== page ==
Call to Action
Bernie Sanders brings his populist message to Santa Monica
By Gary Walker
Santa Monica College student Melissa Jimenez, 21, worries the rising fortunes of Silicon Beach will price her family out of their Mar Vista home.
Venice entrepreneur Brandon Deroche, 32, believes there’s only one presidential candidate who “genuinely lives his values rather than just talking about them to win votes.”
Badi Hernandez, a student at John Adams Middle School in Santa Monica whose mother is from El Salvador, wants fair immigration policies and “to make sure Donald Trump doesn’t win.”
After waiting hours in a line that stretched three city blocks, a predominantly young but considerably diverse crowd of some 6,700 people packed the football field at Santa Monica High School on Monday to hear presidential candidate Bernie Sanders speak to their concerns.
Casting the June 7 primary in California as the “most important in the entire nominating process,” Sanders urged supporters to help him bridge the delegate gap between him and Democratic frontrunner Hillary Clinton.
“We win when voter turnout is high. I believe that if working people and younger people come out in large numbers, we will win the lion’s share of [California’s] delegates,” Sanders predicted to thunderous applause.
Against the backdrop of an American flag, the self-described democratic socialist electrified supporters with fiery rhetoric about social and economic justice issues while also taking aim at Clinton and Trump.
Sanders blasted Trump as divisive and bigoted: “The American people,” he said, “will not support a candidate who insults Mexicans, Latinos, Muslims, women, veterans and the African-American community.”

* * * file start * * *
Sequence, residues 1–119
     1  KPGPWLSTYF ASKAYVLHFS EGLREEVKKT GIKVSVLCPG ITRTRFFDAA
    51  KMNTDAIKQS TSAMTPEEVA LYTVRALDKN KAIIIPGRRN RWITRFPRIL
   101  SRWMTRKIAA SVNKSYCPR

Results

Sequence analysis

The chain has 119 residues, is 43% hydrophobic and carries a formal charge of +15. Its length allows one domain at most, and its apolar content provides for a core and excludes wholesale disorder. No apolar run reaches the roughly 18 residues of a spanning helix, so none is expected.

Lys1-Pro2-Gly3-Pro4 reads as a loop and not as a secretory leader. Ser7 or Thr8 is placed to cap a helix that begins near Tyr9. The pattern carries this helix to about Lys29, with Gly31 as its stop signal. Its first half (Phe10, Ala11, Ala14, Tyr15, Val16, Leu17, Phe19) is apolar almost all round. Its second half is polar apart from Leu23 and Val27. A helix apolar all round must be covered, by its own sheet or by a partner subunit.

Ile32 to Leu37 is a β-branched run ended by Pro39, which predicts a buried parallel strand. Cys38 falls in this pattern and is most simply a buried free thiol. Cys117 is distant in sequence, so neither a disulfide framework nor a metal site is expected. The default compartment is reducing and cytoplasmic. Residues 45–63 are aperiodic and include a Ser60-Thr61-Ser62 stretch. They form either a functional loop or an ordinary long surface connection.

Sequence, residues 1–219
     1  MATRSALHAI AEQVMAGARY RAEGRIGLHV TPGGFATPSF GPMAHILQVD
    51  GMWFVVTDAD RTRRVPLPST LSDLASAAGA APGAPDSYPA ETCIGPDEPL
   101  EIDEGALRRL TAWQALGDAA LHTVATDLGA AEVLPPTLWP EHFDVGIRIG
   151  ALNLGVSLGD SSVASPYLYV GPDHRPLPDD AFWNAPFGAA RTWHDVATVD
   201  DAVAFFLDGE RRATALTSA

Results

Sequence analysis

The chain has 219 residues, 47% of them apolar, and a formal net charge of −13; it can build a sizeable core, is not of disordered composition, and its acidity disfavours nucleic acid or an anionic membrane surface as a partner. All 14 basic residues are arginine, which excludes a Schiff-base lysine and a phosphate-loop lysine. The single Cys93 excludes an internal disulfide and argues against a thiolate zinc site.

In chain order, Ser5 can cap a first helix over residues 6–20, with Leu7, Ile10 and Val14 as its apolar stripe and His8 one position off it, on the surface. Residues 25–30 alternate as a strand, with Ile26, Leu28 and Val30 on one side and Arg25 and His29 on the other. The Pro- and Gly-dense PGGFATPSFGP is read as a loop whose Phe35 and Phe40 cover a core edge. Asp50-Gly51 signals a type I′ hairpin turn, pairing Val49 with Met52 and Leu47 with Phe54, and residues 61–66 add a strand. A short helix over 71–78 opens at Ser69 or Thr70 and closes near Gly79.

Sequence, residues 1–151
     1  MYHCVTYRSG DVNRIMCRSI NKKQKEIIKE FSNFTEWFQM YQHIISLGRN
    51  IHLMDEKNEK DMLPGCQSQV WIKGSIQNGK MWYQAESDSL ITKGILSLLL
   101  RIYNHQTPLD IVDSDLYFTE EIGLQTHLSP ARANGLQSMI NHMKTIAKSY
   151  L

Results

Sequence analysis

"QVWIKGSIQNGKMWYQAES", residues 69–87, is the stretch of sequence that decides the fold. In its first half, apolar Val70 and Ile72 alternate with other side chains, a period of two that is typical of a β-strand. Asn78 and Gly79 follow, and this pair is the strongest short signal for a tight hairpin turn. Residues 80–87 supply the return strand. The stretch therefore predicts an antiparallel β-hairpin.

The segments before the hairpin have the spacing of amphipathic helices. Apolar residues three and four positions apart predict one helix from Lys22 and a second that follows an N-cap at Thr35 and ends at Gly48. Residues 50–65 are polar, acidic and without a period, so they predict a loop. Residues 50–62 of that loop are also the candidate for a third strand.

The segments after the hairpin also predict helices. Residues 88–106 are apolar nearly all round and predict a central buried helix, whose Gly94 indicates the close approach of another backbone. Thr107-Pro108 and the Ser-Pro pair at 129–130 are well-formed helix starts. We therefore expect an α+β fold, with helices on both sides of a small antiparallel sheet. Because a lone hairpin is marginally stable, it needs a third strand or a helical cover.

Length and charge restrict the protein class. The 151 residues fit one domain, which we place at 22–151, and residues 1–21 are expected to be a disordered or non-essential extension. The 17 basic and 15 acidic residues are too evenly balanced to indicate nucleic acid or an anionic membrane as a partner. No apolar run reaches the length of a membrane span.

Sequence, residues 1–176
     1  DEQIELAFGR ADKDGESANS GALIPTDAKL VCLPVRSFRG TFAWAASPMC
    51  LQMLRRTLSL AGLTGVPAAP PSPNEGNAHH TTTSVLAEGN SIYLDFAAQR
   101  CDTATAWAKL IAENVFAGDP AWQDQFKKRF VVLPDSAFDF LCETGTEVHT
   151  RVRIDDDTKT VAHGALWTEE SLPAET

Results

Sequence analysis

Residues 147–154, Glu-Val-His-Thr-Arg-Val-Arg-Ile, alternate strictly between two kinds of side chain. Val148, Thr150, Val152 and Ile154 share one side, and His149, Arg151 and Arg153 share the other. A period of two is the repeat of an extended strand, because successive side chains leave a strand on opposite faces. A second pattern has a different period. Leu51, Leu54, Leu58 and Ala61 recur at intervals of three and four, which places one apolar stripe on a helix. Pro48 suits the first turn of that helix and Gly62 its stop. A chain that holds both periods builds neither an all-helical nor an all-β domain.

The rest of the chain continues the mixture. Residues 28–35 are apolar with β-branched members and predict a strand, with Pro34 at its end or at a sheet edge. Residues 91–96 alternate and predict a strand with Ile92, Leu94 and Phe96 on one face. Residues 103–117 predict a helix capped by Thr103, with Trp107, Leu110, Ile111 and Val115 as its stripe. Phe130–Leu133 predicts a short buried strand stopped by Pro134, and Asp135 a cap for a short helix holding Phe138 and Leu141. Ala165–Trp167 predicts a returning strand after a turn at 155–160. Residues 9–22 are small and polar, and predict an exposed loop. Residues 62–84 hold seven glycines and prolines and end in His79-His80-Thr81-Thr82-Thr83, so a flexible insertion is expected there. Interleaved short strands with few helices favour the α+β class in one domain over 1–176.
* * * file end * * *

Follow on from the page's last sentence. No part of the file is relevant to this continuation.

He attacked Clinton, who has largely refocused her campaign on the general election, for refusing to debate him ahead of California’s primary: “I have to tell you that I find it a little bit insulting that she is not prepared to have a discussion with me on how she would help California address the major crises that we face,” he said.
Clinton was also campaigning in Southern California this week, and Trump was expected to attend a fundraising dinner in Santa Monica on Wednesday night.
Throughout a roughly 70-minute speech, Sanders hammered home core campaign issues including the growing wealth gap between rich and poor, criminal justice reform, support for more paid family leave, campaign finance reform, universal health care and free tuition at public colleges — the last two drawing raucous ovations.
“From the deepest depths of my soul, I believe that health care is a right, not a privilege,” Sanders said.
Some of Sanders’ loudest applause lines came when he linked arrests for marijuana possession to his calls to reduce the nation’s prison population, noting that California could become the fifth state in the nation to legalize if a November ballot initiative is successful.
“I will tell you that if I lived in your state, I would vote for that initiative,” Sanders said.
Many at the rally said they support Sanders largely because they agree with his stances on the issues.
Others — particularly those in the teens and 20s — said they believe the 74-year-old is the most credible candidate in the presidential race because he’s stuck by those same principles throughout his career.